The word 'local' hasn't 'become' anything, certainly not contentious. That's tilting at a lexical windmill, because not all words are intended to express precision. For example the word 'red' doesn't tell us what shade of red; it is used where there is latitude for our own judgment. Crimson (blue end of the red spectrum) or scarlet (yellow end of the red spectrum) are examples of more precise red hue terms and where absolute precision is relevant we can refer to CMYK or RGB numbers or use language in a more comparative and precise way.

If consumer law requires that there is a precise definition when the word 'local' is used on labeling that will be a legal definition externally applied to the word in that sales context. Until then we can trust to our own common sense and judgment in relation to the facts.

Edited by - m06 on 11/20/2019 10:14:41

Nov 20, 2019 - 10:39:17 AM
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2683 posts since 7/28/2015

Local probably means anything in the local group.

Nov 20, 2019 - 11:16:56 AM

222 posts since 10/9/2017

quote:
Originally posted by prooftheory

Local probably means anything in the local group.


Or anything sold in the Local Shop.

Nov 20, 2019 - 11:57:57 AM

4836 posts since 9/21/2007

We have a "Farm Stand" less than 1 mile from our house.  I use quotes because it is almost a small grocery store.  They sell all kinds of things they grow or make on site.  They also sell fruit from distributors.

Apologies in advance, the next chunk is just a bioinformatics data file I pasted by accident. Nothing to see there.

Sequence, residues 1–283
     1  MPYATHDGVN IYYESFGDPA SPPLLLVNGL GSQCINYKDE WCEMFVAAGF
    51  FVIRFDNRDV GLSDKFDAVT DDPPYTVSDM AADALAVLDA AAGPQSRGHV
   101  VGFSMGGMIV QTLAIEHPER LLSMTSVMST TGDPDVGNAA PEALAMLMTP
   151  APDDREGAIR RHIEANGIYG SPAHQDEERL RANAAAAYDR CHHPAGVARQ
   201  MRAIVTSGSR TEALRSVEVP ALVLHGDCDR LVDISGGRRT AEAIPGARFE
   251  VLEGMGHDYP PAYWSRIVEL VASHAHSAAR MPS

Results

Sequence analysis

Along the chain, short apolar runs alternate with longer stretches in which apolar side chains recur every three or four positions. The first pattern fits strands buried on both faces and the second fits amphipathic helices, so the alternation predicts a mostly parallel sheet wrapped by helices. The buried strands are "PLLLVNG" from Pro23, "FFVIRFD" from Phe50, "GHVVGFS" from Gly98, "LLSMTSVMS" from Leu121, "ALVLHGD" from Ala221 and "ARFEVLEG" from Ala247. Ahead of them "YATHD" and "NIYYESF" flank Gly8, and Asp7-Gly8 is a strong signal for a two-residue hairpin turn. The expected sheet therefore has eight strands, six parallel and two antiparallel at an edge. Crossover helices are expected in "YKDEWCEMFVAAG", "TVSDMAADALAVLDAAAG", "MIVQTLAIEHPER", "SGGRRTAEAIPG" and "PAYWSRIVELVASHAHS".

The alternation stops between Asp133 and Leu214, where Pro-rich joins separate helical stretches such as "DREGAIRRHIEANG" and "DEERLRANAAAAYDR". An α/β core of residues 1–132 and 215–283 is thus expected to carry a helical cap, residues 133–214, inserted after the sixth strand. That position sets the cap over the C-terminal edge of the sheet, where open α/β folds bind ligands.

Apples-- they have miles or orchards.  That is their stock and trade.  They grow several varieties and every year do the tourist "pick your own" gimmick.  People line up for the chance to pay to work.  They have a cider press.  They make fresh apple cider donuts in their bakery.  The entire experience is great.

I hardly ever go there and here is why... Price.  Their prices are obscenely high.

I've even asked them why.  Answer-- because people will pay it.

They pick apples, put them in a gaylord, move them with a forklift to the parking lot in front of their store.  Then they charge $3 or more a pound.

The grocery store sells distributed apples.  They are picked, sold to a distributor, sold to a store, then sold to me.  $0.99 a pound.  

Here is the rub.  The farm stand also sells to distributors who sell to grocery stores.  I am pretty sure in some cases I can buy apples that were grown down the road from me at a local chain for $0.99 a pound.

No discount for picking your own.

We also have a "local" vineyard.  Now I don't booze but I do eat a lot of grapes.  Every year they have a "grape fest."  They always advertise "local grown grapes for sale."  $5 a pound.

In our tiny town we have a company that makes and packages pasta and sauce or "gravy" as they call it.  I won't lie, it is good sauce.  At $10 a jar I have only had it twice in almost 5 years.

"Local" is a ripoff.

I may be cheap, but with as much fruit as I eat that extra cost adds up to real money (money that could be spent on banjos).